Do you see Kasztan as a largely studio-based project, or are there plans to develop it into a live experience?

Because of my background, I can’t imagine Kasztan without a live show. I played my first two shows recently and it was so exciting that I want to build a nice live show for the future. It’s probably not the easiest period to launch a new live concept but that’s the goal anyway.

The artwork for both the Celeste and Rare-Earth Elements EPs is quite striking. Who developed that for you?

The Rare-Earth Elements artwork was made by French 3D artist Berenice Golmann – she’s very talented and totally captured the essence of the music. The artwork for Celeste was made by an Australian 3D artist named Stu Ballinger, and the overall graphic design is handled by French graphic designer Thomas Desnoyers.

Spoiler alert: there’s a third EP coming which also features 3D art – another artist, and more than ever, a beautiful mix of organic and synthetic. I’m very excited about this one.

Your time with M83 coincided with arguably the pinnacle of the group’s career. What was that experience like, and did you part on good terms?

Anthony and I became friends, and he was kind enough to invite me to join the band and tour the world with M83 but I’m not taking any credit for his success.

It’s been my biggest music experience for sure – to date, anyway! It’s also at that time that I was introduced to the world of analog synths. It marked a big change in my musical path.

And yes, Anthony and I parted on good terms. We haven’t seen each other a lot recently, though.

Over the years, you have dabbled in a myriad of genres – post-rock, shoegaze, electronica, dream pop. How have these influenced your approach to production?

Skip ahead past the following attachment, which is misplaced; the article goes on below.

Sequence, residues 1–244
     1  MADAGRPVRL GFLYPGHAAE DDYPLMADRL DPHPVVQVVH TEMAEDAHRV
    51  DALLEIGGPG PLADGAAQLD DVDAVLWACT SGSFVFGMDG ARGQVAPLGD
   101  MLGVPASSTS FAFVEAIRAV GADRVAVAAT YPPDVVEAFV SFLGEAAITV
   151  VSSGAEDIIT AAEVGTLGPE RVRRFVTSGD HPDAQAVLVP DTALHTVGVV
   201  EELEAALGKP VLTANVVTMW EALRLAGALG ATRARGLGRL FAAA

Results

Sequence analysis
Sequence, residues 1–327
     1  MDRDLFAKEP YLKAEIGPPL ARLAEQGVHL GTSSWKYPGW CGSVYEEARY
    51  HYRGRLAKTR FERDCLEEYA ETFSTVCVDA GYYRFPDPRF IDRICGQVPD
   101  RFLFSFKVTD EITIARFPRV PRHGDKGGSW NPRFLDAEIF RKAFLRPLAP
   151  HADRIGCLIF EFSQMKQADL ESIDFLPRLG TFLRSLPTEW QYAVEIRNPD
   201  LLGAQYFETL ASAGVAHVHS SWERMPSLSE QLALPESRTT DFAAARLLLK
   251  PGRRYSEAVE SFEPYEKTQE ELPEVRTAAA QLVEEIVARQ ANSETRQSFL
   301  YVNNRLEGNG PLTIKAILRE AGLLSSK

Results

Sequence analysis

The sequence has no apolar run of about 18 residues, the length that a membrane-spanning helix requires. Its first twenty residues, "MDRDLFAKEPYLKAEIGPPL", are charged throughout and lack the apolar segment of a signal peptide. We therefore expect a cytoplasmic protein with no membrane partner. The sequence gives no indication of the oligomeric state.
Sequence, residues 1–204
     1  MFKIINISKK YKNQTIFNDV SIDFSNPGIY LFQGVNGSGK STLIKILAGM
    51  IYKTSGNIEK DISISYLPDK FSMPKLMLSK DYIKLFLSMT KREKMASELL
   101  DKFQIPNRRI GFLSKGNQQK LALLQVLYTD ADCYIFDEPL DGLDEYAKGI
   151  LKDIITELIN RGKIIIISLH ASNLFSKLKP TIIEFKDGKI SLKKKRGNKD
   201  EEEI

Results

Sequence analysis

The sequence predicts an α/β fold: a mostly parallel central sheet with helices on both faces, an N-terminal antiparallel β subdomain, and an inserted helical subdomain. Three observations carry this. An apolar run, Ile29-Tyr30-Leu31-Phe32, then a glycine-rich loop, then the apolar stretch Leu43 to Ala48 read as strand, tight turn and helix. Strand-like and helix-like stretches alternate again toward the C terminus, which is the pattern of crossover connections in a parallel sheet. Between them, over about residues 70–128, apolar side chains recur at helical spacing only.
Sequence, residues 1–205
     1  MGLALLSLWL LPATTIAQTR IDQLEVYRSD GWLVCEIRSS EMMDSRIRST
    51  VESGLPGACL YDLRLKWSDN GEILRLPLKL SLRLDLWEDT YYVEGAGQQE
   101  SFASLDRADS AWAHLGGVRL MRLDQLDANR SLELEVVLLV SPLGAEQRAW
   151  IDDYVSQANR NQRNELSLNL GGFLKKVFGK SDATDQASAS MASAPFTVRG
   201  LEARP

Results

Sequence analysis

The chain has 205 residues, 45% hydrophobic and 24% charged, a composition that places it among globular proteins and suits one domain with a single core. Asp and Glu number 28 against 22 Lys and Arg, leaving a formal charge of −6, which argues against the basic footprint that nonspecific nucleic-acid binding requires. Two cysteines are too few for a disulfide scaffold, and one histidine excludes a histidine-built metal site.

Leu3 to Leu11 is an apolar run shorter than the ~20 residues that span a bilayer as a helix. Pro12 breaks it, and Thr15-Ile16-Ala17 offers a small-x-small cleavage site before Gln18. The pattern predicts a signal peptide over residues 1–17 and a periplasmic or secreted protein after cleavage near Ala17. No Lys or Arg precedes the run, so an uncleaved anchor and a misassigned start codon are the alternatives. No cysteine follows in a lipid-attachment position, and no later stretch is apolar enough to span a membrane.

Indeed, I tried a lot of styles, and I was lucky enough to spend some time in big studios, with big rooms to record drums. I got to test all kinds of guitar amps and microphones and worked with great sound engineers. With Kasztan, I’ve become more and more of a bedroom producer.

I guess for most musicians it usually goes the other way around! But at least I’m done with the ‘I could do a better job if I had this or that piece of gear’ fantasy. I go for whatever works.

The term ‘cinematic’ is often used to describe your style, and indeed you have worked on many soundtracks over the years. Has working on soundtracks helped to broaden your musical horizons, do you think?

I liked cinematic music before I got the chance to be asked to compose for fictional works or commercials. It’s actually the one thing techno music and post-rock have in common – that cinematic, landscape-style quality.

I guess composing for moving images has also influenced my approach. When you work for a director it becomes teamwork, you have to make compromises or get out of your comfort zone.

What’s next on the agenda for Kasztan?

We have some Celeste remixes coming out next month from Love Over Entropy and Lawrence Hart. Following that, there will be a third EP.

Through the Skies is also getting an official music video in a couple of weeks – we had the chance to work with up and coming contemporary dancer Mellina Boubetra.

Thanks Kasztan for chatting to us. Photo by Thibaud Robiolle. You can download/stream the Celeste EP here.